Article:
PERSONAL PROTECTIVE EQUIPMENT POLICY

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1 PERSONAL PROTECTIVE EQUIPMENT POLICY Policy Details NHFT document reference HSC013 Version Version Date Ratified Ratified by Trust Policy Board Implementation Date Responsible Director Chief Operating Officer Review Date Related Policies & other documents HSC002 Policy and Guidance on the Use of Risk Registers, HSC016 Policy on the Control of Substances Hazardous to Health Freedom of Information category Policy Personal Protective Equipment Policy 1 of 22 Implementation Date:

2 TABLE OF CONTENTS 1. DOCUMENT CONTROL SUMMARY INTRODUCTION PURPOSE DEFINITIONS DUTIES Trust Managers Employees POLICY PROCESS Personal Protective Equipment Assessment Hazard and risk identification Ergonomics of the task Fit to the wearer Quality Main Types of Personal Protective Equipment Available Protective clothing for the body Eye and Face Protection Head protection Hand Protection Safety footwear Respiratory protective equipment (RPE) Hearing protection Limitations of Personal Protective Equipment Availability, Accommodation and Maintenance of PPE Record Keeping Charges for PPE TRAINING Mandatory Training Specific Training not covered by Mandatory Training MONITORING COMPLIANCE WITH THIS DOCUMENT REFERENCES AND BIBLIOGRAPHY RELATED TRUST POLICY APPENDIX 1 GUIDE TO COMPLETING THE PPE ASSESSMENT FORM APPENDIX 2 DETAILS OF EN STANDARDS FOR PPE L 21 Personal Protective Equipment Policy 2 of 22 Implementation Date:

3 1. DOCUMENT CONTROL SUMMARY Document Title Document Purpose (executive brief) Personal Protective Equipment Policy To ensure any PPE selected is suitable Status: - New / Update/ Review Areas affected by the policy Policy originators/authors Consultation and Communication with Stakeholders including public and patient group involvement Review All areas, Trust-Wide Tina Perkins - Health and Safety Risk Manager Policy circulated to Safer Services and Environment Group Archiving Arrangements and register of documents Equality Analysis (including Mental Capacity Act 2007) Training Needs Analysis See section 7 The Trust Policy Leadis responsible for the archiving of this policy and will hold archived copies on a central register See overarching health and safety equality analysis Monitoring Compliance and See section 8 Effectiveness Meets national criteria with regard to NHSLA N/A NICE N/A NSF N/A Mental Health Act N/A CQC Outcome 11 & 14 Other Personal Protective Equipment at Work Regulations 1992 (as amended) Further comments to be None considered at the time of ratification for this policy (i.e. national policy, commissioning requirements, legislation) If this policy requires Trust Board TPB ratification please provide specific details of requirements Personal Protective Equipment Policy 3 of 22 Implementation Date:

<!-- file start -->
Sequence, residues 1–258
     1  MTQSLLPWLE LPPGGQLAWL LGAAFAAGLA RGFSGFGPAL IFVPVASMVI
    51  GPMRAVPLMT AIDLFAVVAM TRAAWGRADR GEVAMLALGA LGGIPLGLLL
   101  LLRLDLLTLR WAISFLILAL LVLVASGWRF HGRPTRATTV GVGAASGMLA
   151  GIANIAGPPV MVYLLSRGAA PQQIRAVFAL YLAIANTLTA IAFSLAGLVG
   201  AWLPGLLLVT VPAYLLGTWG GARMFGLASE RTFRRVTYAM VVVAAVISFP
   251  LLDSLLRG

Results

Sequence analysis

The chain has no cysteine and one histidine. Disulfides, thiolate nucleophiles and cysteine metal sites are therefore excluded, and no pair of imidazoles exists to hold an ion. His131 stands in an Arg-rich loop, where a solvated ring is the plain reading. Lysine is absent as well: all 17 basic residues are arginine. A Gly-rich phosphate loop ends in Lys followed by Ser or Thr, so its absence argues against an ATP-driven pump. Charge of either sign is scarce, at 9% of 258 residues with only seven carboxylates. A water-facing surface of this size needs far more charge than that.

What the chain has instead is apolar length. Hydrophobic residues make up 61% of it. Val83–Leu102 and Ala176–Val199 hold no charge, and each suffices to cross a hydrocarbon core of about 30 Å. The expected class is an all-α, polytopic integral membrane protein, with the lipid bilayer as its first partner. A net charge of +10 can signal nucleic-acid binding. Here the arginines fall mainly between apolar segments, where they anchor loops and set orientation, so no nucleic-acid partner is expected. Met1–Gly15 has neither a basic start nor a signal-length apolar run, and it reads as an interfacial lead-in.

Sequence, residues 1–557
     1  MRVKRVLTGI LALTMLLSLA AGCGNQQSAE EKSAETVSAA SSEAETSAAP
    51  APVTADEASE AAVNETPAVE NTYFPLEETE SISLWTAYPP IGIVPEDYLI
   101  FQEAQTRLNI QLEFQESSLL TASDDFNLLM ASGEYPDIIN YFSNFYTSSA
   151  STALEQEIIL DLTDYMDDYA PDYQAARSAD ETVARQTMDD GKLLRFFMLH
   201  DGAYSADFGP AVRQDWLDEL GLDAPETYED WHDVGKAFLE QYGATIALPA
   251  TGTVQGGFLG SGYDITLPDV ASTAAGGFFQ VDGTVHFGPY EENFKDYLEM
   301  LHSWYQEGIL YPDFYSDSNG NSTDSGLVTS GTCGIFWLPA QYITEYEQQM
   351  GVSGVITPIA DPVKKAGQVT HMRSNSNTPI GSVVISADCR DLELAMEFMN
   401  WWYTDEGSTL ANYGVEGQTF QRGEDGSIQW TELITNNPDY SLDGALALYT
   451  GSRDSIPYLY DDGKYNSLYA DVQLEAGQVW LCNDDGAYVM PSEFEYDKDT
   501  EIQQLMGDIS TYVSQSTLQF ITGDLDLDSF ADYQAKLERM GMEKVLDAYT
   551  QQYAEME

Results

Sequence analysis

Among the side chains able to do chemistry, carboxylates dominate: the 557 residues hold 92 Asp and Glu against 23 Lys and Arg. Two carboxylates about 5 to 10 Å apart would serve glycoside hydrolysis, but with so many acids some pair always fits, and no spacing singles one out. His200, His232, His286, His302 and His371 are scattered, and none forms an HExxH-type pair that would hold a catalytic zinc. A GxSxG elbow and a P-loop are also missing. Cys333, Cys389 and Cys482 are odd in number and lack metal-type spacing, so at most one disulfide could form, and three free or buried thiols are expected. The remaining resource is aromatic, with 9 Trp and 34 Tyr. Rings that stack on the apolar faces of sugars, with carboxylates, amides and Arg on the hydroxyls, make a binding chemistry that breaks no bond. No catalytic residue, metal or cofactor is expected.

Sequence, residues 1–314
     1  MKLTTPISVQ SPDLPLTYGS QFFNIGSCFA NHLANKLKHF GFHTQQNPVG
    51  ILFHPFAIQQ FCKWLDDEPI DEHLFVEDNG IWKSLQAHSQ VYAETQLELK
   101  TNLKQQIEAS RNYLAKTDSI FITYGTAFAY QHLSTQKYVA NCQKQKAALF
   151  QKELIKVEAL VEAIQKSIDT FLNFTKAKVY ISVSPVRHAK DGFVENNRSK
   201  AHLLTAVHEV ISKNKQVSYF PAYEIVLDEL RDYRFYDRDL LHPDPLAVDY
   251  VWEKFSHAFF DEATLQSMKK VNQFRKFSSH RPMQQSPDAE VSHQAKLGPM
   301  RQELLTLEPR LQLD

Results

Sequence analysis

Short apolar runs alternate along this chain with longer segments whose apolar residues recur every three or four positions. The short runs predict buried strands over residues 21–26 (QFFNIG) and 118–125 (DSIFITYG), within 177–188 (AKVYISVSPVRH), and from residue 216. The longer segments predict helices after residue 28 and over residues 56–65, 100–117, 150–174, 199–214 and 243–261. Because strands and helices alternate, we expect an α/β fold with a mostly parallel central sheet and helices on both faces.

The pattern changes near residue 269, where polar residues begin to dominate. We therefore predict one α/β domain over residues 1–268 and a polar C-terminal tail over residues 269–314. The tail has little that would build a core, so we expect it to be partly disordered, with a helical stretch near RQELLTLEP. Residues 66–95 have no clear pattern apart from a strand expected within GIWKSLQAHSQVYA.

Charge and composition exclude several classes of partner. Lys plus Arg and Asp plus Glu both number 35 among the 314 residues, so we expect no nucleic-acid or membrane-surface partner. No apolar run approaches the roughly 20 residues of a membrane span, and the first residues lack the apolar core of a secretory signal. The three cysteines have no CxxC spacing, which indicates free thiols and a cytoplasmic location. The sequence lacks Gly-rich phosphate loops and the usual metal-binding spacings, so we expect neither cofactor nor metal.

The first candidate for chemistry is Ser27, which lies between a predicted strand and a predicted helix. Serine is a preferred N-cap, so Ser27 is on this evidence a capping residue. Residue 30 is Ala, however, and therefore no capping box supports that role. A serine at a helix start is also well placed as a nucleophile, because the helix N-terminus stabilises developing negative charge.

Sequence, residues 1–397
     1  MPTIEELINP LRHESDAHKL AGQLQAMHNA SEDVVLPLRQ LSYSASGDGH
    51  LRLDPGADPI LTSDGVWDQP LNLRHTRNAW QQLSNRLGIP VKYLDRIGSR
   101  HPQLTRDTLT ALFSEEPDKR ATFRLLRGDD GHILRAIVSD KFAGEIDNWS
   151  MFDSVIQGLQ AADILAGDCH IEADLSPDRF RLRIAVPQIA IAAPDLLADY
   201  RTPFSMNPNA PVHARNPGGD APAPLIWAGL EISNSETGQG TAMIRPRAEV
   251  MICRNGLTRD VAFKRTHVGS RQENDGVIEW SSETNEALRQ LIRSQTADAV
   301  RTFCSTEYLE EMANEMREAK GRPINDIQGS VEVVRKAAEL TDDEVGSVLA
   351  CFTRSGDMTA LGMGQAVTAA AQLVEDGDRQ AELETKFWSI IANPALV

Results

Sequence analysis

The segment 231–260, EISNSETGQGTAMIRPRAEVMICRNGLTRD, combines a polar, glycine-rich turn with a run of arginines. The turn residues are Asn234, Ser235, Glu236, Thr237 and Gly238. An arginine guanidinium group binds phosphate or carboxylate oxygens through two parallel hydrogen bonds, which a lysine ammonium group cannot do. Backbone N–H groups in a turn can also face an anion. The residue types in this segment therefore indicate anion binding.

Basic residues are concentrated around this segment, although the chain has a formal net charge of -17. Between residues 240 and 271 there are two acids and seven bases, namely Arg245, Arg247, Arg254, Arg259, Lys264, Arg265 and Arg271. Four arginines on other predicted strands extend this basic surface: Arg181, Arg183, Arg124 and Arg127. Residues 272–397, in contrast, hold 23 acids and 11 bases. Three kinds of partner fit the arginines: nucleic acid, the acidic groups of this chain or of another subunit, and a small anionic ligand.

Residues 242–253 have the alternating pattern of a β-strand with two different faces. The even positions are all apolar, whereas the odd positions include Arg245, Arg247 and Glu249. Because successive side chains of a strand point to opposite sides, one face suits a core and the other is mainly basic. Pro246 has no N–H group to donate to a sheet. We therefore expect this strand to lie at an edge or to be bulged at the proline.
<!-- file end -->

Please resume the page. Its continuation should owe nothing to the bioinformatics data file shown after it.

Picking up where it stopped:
4 2. INTRODUCTION The Management of Health and Safety at Work Regulations 1999 put a requirement on the employer to make a suitable and sufficient assessment of the risks to health and safety of employees and other people who may be affected by the activities of their work. The process of risk assessment enables employers to identify control measures they need to implement. Where used, Personal Protective Equipment must always be the last such control. This is because Personal Protective Equipment will rarely provide a full level of protection to the user and will provide no protection for anyone else in close proximity to the activity. Therefore other control measures must always be considered before resorting to Personal Protective Equipment. The legislative requirement for issuing Personal Protective Equipment is set by the Personal Protective Equipment at Work Regulations 1992 (as amended). These require that all Personal Protective Equipment must be assessed for suitability, well maintained, and compatible with each other if used in combination. The Regulations also require that employees using such equipment must receive training, information and instruction in the safe use of personal protective equipment. 3. PURPOSE The aim of this policy is to ensure the safety of all people affected by the Trusts activities by ensuring that where Personal Protective Equipment is issued as a control measure it is suitable and sufficient. This policy also shows the principles of Personal Protective Equipment Assessment and how to complete them. This Policy should be read in conjunction with HSC002 Policy and Guidance in the Use of Risk Registers and HSC016 Policy on the Control of Substance Hazardous to Health. 4. DEFINITIONS Compatibility The ability of two or more pieces of personal protective equipment to be used in conjunction and still remain effective. CE Mark All PPE issued at the Trust must have a CE mark affixed. The CE mark indicates that the PPE meets essential safety requirements tested to a set standard by an approved body. EN Standard A number given to PPE to state that it passes specific standards applicable to it. The standard is that of the harmonised European Standard. NHFT - Northamptonshire Healthcare NHS Foundation Trust Personal Protective Equipment (PPE) - All equipment which is intended to be worn or held by a person at work that protects them against one or more risks to their health or safety i.e. safety helmets, gloves, eye protection, high visibility clothing, safety footwear, and safety harnesses and any addition or accessory designed to meet that objective. Personal Protective Equipment Policy 4 of 22 Implementation Date: